Analysis: Amid All the Darkness, Light…Even Hope…
There is little doubt that Tuesday was a bad day for Democrats, but something else that shares a number of letters with that party lost by a far greater margin: democracy. Whatever your political perspective, there is nothing to celebrate about the poor turnout, disgust and apathy that led to the results. Certainly those with Machiavellian designs on changing policy may not care. Yet that is not a reason to walk away satisfied with what happened unless that really is more important than ensuring a fair representation of the people are consenting to what leaders promise.
Despite this, however, there is cause to hope that things can be different. In Massachusetts where Democrats overwhelmingly prevailed despite losing the governor’s office, there was manifest proof campaigns of ideas can prevail over a campaigns of fear and loathing. In the election of Maura Healey as attorney general and Eric Lesser to the State Senate, there is a sense that even in this environment exactly that happened.
Both anecdotally and in the poor turnout nationwide, the blasting of negative ads, however sometimes effective, turned voters off completely. While Democrats tried to turnout voters with a historic investment in GOTV, it was likely blunted by the pall cast by ads put up by candidates and third parties alike savaging the other side. Consequently, the lower turnout resulted in an electorate that skews right.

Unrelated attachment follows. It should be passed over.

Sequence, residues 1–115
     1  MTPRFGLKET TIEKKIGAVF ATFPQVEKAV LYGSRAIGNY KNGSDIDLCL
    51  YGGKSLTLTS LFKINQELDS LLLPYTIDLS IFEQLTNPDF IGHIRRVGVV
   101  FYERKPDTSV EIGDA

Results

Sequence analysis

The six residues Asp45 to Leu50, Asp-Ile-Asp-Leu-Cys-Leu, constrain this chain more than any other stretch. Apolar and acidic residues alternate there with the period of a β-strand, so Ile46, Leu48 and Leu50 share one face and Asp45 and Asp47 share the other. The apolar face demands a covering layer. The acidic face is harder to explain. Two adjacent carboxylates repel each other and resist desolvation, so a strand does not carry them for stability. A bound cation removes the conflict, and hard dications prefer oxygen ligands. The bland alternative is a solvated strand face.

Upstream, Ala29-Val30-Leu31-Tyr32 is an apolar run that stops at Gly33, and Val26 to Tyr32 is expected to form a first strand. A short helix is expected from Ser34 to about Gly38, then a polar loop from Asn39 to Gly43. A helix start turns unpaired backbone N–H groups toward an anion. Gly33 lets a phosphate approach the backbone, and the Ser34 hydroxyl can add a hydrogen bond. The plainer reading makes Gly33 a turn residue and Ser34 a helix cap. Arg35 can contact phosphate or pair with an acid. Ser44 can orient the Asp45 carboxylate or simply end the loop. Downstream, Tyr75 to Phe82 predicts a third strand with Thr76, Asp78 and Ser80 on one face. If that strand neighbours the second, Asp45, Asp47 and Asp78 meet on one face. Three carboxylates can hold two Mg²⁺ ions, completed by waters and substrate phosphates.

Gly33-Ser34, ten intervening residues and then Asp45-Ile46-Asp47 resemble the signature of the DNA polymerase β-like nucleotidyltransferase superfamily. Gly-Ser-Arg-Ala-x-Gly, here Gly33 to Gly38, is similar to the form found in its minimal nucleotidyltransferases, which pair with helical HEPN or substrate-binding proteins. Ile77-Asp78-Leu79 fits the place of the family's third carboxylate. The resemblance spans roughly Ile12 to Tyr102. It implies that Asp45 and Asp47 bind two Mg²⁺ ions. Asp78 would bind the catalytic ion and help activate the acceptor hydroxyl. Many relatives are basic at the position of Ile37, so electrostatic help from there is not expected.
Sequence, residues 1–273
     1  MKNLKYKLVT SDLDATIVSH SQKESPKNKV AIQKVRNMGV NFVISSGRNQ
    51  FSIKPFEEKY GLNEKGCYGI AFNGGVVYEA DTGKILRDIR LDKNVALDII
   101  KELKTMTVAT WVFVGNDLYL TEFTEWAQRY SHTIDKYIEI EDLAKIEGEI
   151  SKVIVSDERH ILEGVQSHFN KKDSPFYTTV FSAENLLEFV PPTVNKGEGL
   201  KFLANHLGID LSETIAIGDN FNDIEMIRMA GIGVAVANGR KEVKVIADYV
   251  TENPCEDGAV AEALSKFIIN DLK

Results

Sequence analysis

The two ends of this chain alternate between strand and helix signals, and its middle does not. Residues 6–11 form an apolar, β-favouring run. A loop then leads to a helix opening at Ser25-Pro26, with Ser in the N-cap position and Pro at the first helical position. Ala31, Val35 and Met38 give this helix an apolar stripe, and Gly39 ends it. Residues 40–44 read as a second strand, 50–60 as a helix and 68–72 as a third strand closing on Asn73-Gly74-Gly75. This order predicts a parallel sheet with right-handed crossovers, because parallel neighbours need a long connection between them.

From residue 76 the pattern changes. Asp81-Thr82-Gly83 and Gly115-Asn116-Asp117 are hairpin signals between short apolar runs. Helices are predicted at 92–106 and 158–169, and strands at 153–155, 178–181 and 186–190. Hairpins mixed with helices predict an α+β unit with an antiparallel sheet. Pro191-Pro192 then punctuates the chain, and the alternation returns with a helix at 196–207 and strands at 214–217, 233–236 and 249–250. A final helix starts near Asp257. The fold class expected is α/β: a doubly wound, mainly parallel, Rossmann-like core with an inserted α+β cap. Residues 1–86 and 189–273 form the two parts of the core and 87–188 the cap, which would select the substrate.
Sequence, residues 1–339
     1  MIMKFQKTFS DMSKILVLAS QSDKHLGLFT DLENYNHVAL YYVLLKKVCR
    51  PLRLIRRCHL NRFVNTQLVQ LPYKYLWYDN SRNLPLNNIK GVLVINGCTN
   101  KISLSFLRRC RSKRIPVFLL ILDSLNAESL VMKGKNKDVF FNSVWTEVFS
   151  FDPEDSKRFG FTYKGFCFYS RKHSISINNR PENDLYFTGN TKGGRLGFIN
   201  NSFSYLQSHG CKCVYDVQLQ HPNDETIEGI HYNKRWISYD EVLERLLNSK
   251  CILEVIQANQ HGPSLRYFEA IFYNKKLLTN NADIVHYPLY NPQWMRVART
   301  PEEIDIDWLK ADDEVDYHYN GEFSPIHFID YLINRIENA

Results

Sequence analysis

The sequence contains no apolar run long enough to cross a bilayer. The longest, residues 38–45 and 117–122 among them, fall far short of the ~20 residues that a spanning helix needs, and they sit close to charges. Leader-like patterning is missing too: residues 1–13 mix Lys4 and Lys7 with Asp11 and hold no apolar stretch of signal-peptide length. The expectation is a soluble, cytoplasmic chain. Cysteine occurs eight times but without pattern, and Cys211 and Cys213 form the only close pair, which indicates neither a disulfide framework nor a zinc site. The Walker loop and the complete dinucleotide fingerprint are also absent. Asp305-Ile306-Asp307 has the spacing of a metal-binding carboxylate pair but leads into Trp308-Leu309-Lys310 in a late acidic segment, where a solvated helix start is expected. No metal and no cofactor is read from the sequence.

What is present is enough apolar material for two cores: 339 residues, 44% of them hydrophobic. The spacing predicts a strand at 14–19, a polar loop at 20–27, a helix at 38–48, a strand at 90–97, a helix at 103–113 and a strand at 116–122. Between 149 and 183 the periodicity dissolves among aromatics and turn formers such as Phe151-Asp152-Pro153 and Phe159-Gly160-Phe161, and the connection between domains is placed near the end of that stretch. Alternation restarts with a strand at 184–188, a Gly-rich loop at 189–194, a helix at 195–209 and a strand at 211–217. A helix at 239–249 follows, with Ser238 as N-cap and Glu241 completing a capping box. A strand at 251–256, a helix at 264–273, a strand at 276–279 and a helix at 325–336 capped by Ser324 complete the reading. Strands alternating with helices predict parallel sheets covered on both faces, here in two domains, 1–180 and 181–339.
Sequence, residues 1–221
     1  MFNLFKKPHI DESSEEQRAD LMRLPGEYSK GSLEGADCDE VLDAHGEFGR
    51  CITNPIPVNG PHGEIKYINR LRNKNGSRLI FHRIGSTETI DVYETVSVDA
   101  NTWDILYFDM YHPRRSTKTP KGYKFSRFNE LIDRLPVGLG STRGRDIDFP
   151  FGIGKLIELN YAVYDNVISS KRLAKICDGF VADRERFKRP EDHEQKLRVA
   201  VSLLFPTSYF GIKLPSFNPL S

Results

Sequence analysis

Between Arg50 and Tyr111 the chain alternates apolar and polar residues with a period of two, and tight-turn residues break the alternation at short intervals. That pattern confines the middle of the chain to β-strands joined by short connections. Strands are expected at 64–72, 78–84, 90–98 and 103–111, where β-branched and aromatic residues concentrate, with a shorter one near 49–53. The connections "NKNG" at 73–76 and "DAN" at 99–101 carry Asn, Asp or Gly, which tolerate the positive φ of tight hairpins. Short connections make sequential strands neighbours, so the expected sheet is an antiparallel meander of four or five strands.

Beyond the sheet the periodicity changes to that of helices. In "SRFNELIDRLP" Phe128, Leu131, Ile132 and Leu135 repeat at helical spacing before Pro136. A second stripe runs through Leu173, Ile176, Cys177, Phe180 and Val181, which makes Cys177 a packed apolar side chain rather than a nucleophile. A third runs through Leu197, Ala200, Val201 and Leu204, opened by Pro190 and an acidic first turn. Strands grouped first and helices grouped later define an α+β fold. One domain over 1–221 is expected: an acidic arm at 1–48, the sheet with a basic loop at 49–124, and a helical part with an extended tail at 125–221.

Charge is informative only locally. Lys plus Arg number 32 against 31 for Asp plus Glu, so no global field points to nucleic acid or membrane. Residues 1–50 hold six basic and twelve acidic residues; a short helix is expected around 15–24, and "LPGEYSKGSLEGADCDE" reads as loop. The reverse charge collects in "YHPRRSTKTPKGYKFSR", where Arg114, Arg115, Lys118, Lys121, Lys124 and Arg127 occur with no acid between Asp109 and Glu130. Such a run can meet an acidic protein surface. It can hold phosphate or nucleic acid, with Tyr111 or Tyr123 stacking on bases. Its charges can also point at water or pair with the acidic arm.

For example, the Harvard Institute of Politics suggested younger voters, traditionally a mainstay of the Democratic party, were beginning to look elsewhere, including to the Republican party. However, this poll also noted that this phenomenon was largely among youngsters who were very likely to vote. Among all voters, far less had changed. But why were so few interested? Part of it was the decline and arguably the destruction of the optimistic political vision on which Barack Obama rode into office.
It was not just the gridlock, though that felled that movement. It was a failure to properly communicate successes paired with either a backing away from key Democratic values or a failure to properly offer a vision of them. Some effort was made to do this in the midterms, but it probably came too late was lost as ISIS and Ebola stole the stage.
This is not to say that showing the other side for what it is has no role. Unambiguous faults in the candidate, let alone their position are fair game. But overemphasis the minuses either directly or by implication is not effective without the concurrent positive image.
Observers may question how much this applies to either of the campaigns highlighted. Yes, negativity existed in these races, but so did vision and a belief that the process can make a difference. Maura Healey painted a picture, based on her experience, of what her office could do to defend the people of the commonwealth. Lesser, while using some traditional Western Massachusetts political packaging, promoted policies that could turn the tide in the West. Subliminally, those same policies and rhetoric offered a brighter future of a commonwealth closer together.
It is true that thousands of outside dollars were poured onto the head of Lesser’s principal opponent Debra Boronski (though far less than in other such races). Newspaper and radio ads and mailers described—accurately, if also negatively—her positions on several issues. Republicans and allied groups never responded in any meaningful way and what they did only happened within 48 hours of the election.